NEED FOR TESTING:
testing is a method for testing CMOS integrated circuits for the presence of
manufacturing faults. It relies on measuring the supply current (Idd) in the
quiescent state (when the circuit is not switching and inputs are held at
current consumed in the state is commonly called Iddq for Idd (quiescent) and
hence the name.
testing uses the principle that in a correctly operating quiescent CMOS digital
circuit, there is no static current path between the power supply and ground,
except for a small amount of leakage.
common semiconductor manufacturing faults will cause the current to increase by
orders of magnitude, which can be easily detected. This has the advantage of
checking the chip for many possible faults with one measurement.
advantage is that it may catch faults that are not found by conventional
stuck-at fault test vectors. Iddq testing is somewhat more complex than just
measuring the supply current.
If a line
is shorted to Vdd, for example, it will still draw no extra current if the gate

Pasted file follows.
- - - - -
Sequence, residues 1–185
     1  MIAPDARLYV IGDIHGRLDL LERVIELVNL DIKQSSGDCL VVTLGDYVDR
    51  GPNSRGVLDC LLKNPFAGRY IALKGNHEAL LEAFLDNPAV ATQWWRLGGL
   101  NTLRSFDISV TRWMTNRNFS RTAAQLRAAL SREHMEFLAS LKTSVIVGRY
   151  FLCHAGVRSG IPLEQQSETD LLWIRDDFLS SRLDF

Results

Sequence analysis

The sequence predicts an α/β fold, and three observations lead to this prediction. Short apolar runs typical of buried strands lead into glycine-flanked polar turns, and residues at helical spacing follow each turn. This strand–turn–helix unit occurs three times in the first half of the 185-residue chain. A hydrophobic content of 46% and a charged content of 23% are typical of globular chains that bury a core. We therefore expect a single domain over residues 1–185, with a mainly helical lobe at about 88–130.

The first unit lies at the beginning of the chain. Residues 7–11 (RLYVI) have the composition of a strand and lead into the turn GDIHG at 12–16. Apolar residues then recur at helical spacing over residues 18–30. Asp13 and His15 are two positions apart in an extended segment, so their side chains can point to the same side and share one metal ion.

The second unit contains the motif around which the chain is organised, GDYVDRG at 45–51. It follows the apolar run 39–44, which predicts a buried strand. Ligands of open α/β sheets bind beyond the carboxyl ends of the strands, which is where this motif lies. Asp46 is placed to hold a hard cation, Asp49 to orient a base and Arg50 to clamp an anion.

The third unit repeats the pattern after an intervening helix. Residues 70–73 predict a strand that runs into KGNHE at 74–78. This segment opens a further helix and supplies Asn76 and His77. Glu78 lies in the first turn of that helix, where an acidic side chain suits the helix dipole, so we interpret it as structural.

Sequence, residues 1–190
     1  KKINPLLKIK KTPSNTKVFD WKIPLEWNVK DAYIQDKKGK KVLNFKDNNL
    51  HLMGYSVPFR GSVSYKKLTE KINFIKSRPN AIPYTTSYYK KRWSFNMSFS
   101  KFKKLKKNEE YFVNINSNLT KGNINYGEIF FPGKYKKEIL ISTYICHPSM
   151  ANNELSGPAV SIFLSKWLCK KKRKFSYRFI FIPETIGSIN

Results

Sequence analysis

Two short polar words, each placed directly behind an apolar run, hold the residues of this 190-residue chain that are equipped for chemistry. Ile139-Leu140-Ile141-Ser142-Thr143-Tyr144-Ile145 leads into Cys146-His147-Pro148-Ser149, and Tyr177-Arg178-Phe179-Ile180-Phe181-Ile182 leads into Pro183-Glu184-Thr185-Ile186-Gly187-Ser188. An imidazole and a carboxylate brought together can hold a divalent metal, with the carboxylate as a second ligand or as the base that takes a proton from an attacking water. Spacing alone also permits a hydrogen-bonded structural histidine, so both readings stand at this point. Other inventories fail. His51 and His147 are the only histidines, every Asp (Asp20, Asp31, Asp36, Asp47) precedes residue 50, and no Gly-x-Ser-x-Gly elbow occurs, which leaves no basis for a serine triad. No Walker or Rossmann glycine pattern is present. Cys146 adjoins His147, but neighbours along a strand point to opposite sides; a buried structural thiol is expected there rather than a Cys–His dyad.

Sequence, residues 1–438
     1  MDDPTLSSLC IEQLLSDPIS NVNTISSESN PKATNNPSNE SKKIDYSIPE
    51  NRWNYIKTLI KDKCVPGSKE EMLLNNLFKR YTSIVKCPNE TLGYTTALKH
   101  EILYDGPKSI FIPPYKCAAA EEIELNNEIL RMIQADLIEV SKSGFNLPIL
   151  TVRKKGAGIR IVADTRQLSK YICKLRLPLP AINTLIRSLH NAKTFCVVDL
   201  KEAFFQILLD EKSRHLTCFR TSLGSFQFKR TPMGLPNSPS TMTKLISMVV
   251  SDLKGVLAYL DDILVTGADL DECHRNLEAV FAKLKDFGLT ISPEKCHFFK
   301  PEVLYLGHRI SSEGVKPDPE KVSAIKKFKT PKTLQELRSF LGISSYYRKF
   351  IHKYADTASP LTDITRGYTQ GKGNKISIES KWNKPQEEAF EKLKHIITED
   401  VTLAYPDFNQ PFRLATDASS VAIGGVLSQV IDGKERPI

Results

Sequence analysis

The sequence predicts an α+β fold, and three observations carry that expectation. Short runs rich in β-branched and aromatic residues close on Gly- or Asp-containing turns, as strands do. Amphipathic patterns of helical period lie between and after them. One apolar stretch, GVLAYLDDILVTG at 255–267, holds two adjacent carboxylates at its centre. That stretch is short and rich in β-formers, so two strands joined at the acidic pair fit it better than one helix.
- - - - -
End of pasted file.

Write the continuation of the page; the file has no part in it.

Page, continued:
driving the signal is attempting to set it to '1'.
a different vector set that attempts to set the signal to 0 will show a large
increase in quiescent current, signaling a bad part. Typical Iddq test vector
sets may have 20 or so vectors.
Iddq test vectors require only controllability, and not observability. This is
because the observability is through the shared power supply connection. Iddq
testing has many advantages:
§ It is a
simple and direct test that can identify physical defects.
§ The area
and design time overhead are very low.
generation is fast.
application time is fast since the vector sets are small.
catches some defects that other tests, particularly stuck-at logic tests, do
Compared to scan testing, Iddq testing is time consuming, and then more
expensive, since is achieved by current measurements that take much more time
than reading digital pins in mass production.